(3) Fl/Sgt. George Sydney A. Squire was born on 28 September 1921 at Sheffield, West Riding of Yorkshire the son of Sydney W. Squire (a Licensed Victualler and Nancy G. B. Squire nee Jones. He had two siblings: Nancy E. Squire born 1919 and Francis A. Squire born 1926.
Prior to enlisting George Squire was a Junior Clerk in the Municipal Rating Department
In 1947 he married Gwenda M. Gibson at Northumberland. Their son Aiden W Squire was born the following year.
George Sydney A. Squire died at Weymouth, Dorset in 1977 aged 55
(4) WO1. Bernard Allan Marvin Fox DFC was born on 26 November 1921 at Prince Albert Saskatchewan Canada the son of Cecil Elmer Fox and Ethel Delina Fox nee Stanfield. He had three siblings: Lawrence Wilton Fox (1920-1990) another brother and a sister.
He married Sarah Agnes Julia Lane at Hereford, England in 1944 and with whom he had six sons.
He died on 25 September 2013 at Moose Jaw, Saskatchewan aged 90 and was buried at Sunset Cemetery, Moose Jaw.
(5) Fl/Sgt. Ernest Major Prince "Ernie" Steel was born on 2 July 1921 at Bristol, Gloucestershire the son of Ernest Major Prince Steel and Hilda May Steel nee Dance. He had three siblings: Marjorie Ruth Steel born 1926, Barbara E. Steel born 1930 and Lorna Steel born 1931.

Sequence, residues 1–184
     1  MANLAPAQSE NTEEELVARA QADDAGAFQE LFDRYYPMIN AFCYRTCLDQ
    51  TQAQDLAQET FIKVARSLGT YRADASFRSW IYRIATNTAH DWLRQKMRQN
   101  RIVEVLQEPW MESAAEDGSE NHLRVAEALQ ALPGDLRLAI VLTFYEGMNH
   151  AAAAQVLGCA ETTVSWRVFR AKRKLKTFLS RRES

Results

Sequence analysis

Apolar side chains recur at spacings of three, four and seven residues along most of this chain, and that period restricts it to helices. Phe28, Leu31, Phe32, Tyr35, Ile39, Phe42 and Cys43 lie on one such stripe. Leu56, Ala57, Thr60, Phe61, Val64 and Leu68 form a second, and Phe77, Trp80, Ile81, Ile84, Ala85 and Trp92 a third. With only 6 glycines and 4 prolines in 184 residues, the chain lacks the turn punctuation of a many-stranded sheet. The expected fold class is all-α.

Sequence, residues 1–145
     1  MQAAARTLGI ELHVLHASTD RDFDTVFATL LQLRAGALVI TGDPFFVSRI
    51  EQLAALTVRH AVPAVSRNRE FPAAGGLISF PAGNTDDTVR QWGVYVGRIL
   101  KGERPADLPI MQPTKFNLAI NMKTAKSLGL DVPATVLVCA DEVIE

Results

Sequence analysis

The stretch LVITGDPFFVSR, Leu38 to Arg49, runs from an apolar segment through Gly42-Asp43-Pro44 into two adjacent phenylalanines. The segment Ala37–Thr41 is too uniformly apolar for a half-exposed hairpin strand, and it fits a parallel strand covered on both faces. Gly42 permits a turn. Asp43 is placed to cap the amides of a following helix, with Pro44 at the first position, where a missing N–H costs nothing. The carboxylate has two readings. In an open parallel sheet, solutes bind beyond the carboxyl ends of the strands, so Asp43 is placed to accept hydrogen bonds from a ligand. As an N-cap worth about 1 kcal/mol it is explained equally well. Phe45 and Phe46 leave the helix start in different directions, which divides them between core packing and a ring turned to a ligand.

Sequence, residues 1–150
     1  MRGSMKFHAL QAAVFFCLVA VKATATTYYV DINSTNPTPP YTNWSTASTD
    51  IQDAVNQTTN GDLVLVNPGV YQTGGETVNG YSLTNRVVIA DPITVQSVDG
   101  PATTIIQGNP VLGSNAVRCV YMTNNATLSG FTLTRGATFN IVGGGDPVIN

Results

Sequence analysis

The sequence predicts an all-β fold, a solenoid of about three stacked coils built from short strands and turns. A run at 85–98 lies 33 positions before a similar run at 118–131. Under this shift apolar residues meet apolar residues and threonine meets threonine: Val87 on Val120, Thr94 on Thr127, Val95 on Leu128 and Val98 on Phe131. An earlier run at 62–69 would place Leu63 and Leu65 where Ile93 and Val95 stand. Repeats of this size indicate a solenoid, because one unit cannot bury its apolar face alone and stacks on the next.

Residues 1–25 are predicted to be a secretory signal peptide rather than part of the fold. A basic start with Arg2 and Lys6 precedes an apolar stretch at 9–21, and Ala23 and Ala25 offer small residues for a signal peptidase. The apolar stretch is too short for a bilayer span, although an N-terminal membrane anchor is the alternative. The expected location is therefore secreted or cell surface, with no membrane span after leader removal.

On 15 January 1944 he married Frances Joan Redler at Bristol. Their son, Roger E. Steel, was born in 1947.
He died at St. Peter's Hospice, Knowle, Bristol on 8 May 1993 aged 71
(6) Sgt. David Henderson Jamison was born on 30 March 1920 at De Winton, Calgary Alberta, Canada. He had four sisters, Sylvia, Eleanor, Shirley and Audrey.
After the war Davis returned to Canada and in 1946 married Frances Orton (1916-1989) with whom he went on to have three sons.
He worked in farming and at the Department of Highways and retired in 1983 to Vernon, British Columbia. Six years later following the death of his wife he moved back to Calgary to be close to family.
At the age of 91, following a brief illness, David died at home in Calgary on 11 June 2011 and was later buried at Pine Creek Cemetery, De Winton, Calgary
Researched by Aircrew Remembered researcher Roy Wilcock for all the relatives and friends of the members of this crew - January 2019
With thanks to the sources quoted below.